I just got this mental image of you being 70 and saying to your grandkids, “Hey, you ever listen to ‘Snap Your Fingers, Snap Your Neck’? That was me!”
Yeah, well, that’s not too far in the future actually. My daughter is graduating from high school already!
So, on the tour side of things, you’re going on tour with Crowbar next month. What are your goals for the Summer and Fall as far as the road’s concerned, since that tour is only leading up to the album’s release?
After that, we gotta figure out what we’re doing. But in May actually, we’re going over to England to do a bunch of shows over there, for some uncanny reason. We’re performing the complete Beg To Differ record, then a couple of new ones and the standards. Then there’s been talk of an August tour, actually shows here in July first, then in Europe again by August. Then we’ll be back in America covering the places we’re not hitting with Crowbar. So we have a lot of work ahead of us; making it work financially, et cetera.
With the metal climate being so given to thrash revivalism right now, I feel like it’s the perfect time to revisit Beg To Differ. That was the first record I heard from you guys, and I think that’s been a treasured classic over the years for a lot of people.
I’ve had to revisit it recently. I hadn’t really listened to the whole thing in I don’t know how long. We’ve been playing “Beg To Differ” and “For Dear Life” in the past gang of tours that we’ve done. But some of the other songs I went back to, I was like, “Holy shit, that’s pretty cool!” I really have no idea how those songs came about and how that was done back then. It really is mind-blowing to me looking back on it; I don’t even know how we did it. I know our personal circumstances back then; we were working unbelievable hours and partying our asses off all the time, and it was just crazy. But I listen back to it now, and I’m like, “Man, this is pretty cool!” It sounds immature in a way, but I think it sounds cool.
Let’s get into some of the other projects you’ve been involved with in the last couple years. To what extent were you involved in Ministry’s new record, Relapse?
I went out there for a week. I had some ideas prepared, and I laid ‘em down and got the hell outta there, that was the extent of it. With Al [Jourgensen], that’s how he’d always done stuff on Rio Grande Blood and The Last Sucker; it was the same method. You lay stuff down, and he takes it and makes it his own and does his magic to whatever riffs you lay down. That’s pretty much the extent of it. I haven’t even heard what came out of the whole thing. I know there’s like four or five songs I got credit for.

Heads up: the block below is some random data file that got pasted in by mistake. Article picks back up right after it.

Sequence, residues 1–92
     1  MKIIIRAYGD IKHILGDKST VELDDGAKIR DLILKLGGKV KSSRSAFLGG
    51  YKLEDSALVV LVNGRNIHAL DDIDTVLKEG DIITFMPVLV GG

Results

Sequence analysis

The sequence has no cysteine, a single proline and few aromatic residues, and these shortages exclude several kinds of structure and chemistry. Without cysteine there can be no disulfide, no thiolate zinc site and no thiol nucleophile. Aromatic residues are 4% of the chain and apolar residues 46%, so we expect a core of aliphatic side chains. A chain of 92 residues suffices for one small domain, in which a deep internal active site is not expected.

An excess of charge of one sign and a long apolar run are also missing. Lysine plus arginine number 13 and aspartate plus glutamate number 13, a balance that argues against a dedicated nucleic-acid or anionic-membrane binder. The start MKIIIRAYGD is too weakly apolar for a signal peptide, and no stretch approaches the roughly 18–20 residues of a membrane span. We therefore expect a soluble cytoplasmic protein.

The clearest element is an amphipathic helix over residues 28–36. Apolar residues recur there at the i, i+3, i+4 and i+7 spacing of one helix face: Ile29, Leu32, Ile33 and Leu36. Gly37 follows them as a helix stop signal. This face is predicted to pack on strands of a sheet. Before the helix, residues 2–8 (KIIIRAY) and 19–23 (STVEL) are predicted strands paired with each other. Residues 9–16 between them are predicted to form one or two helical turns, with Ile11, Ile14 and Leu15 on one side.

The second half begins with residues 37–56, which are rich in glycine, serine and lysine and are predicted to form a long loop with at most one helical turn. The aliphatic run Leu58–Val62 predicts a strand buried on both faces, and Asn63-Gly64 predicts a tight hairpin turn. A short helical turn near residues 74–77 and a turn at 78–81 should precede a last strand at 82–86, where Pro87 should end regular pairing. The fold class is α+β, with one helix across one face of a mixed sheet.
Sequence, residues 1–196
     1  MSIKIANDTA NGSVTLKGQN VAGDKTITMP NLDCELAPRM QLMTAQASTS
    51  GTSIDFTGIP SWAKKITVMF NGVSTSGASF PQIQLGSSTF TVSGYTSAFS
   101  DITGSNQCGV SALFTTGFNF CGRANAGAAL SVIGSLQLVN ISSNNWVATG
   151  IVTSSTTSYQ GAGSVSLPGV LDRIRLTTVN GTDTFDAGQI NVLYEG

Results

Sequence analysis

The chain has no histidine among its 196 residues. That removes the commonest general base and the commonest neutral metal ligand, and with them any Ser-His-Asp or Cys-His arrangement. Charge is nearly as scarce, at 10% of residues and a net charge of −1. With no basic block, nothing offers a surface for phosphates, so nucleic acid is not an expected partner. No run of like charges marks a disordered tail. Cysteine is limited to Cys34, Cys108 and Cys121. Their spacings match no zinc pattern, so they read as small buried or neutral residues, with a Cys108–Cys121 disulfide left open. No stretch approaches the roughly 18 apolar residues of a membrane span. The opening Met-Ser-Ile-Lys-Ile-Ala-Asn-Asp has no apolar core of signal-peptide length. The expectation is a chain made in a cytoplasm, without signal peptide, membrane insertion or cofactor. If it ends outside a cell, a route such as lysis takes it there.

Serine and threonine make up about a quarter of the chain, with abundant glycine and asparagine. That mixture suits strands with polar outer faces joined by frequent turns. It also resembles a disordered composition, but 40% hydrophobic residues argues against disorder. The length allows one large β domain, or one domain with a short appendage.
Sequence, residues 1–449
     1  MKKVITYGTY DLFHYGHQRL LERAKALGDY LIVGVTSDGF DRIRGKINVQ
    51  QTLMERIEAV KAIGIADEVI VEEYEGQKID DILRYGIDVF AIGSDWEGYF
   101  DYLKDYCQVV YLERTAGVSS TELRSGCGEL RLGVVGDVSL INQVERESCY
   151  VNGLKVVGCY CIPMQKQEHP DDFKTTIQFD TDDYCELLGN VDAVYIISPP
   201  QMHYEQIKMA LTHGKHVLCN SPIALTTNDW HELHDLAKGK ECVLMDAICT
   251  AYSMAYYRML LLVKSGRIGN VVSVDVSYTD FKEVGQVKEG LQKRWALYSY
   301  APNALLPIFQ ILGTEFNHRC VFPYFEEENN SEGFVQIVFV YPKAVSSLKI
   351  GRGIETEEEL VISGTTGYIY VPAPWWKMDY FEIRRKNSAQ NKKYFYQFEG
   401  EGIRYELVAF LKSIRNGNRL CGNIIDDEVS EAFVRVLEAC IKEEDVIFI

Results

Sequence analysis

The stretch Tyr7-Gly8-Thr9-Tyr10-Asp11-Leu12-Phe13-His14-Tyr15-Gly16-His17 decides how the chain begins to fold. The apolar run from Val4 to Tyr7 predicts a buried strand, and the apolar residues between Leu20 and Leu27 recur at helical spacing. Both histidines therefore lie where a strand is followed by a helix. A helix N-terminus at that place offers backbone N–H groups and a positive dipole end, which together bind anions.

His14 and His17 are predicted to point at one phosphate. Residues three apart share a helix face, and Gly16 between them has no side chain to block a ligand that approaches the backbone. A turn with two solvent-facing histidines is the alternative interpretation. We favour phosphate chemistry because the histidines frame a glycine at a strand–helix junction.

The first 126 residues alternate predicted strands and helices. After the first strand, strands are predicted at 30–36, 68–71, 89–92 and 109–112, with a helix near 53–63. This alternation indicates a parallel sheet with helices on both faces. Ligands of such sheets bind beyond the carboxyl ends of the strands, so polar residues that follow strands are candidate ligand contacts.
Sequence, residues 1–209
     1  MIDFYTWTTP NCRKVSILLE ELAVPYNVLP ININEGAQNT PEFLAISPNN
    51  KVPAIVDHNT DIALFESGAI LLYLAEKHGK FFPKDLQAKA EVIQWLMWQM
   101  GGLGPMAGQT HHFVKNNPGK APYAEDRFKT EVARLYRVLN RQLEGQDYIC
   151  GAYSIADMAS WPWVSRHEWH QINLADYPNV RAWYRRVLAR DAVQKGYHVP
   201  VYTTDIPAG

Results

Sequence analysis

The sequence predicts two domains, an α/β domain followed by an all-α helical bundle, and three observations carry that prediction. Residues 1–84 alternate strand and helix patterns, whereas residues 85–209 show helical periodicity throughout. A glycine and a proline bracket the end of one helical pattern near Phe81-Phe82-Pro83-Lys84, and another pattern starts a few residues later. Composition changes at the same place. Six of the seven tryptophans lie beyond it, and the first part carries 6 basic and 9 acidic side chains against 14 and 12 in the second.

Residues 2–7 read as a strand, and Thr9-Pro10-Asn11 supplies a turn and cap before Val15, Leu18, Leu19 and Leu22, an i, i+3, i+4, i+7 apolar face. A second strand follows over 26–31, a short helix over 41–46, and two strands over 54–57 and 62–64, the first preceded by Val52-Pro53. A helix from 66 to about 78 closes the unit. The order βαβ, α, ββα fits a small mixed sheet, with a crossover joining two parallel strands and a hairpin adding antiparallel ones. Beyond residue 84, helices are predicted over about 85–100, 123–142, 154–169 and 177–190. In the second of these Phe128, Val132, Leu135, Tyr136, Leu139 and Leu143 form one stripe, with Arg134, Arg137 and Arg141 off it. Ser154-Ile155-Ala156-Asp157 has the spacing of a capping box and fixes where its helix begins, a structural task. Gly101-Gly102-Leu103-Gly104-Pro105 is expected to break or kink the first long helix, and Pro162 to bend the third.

And as far as playing in Danzig goes, I worked on the last couple records. I mean, Glenn writes everything, so I don’t have any credit in there. But both projects have been really rewarding. It’s good for my chops and gets me off my ass. I tend to be the kind of guy that would rather watch every Los Angeles Dodgers game all season instead of picking up a guitar and doing anything.
So you’re totally comfortable playing the sideman role in Danzig then?
Yeah, Glenn treats me really well, and we’re old friends. We have a really good time; it’s a lot of fun, and I love the music and have unbelievable respect for him. It really helps when someone treats you really well and you respect him, and you have a great bunch of guys you’re jamming with. From Doyle [Von Frankenstein] in London with [Danzig] Legacy to, you know, Zing and Johnny Kelly, we’re all just a bunch of East Coast mooks, so it’s kinda fun!
Getting back to playing the sideman versus being the main guy, how was it working with Al Jourgensen on Prong’s studio sound for Power of the Damager a couple years back?
Well, he came in and mixed one song, and it turned out to be the best song on the record. I wish Al was more present on that, because he’s great in the studio. He just got finished with his record, so he wasn’t around that much and that was kind of unfortunate.
What are you hoping to achieve with Prong at this point in your career? You guys could be coasting off your mid-90s material and having a lot of success with that, but instead you’re making Carved in Stone, which is something really impressive. Where do you want to go with this?
I just wanted to do the best job we could possibly do with this one. I don’t know whether I have an inner passion to prove to myself or anyone else that I still have it in me and can pick up a guitar and write a song. That doesn’t sound like I’m putting my standards too high, but essentially, that’s what it is. Because I’ve been through it all; what else are you going to do? I could go the safe route and go back to school for nursing or something, who knows. In fact, I have some kind of drive, there’s always this spark that comes about. There’s that song “Eternal Heat” on the new record that’s sort of about that. Something sparks in you, then you get on fire and you get a momentum going. It’s like an outside source, like this passion that’s outside yourself that you tap into. There are lulls and there are voids in that, but then it picks up again. I think that’s the duality of everything that happens in life. It’s just being conscious of that.
But as far as your ultimate question, I really don’t know in a way. I don’t really have a grand scheme that much. Maybe that’s to my benefit; it lowers my expectations and keeps me mentally sound a little bit. There’s a song on the new record that’s called “Path of Least Resistance.” It’s almost, as corny as it sounds, a little bit of a Zen type of anthem. As I’ve learned over the years, you do the best you can and let the chips fall where they may, and you take the hard knocks with the successes.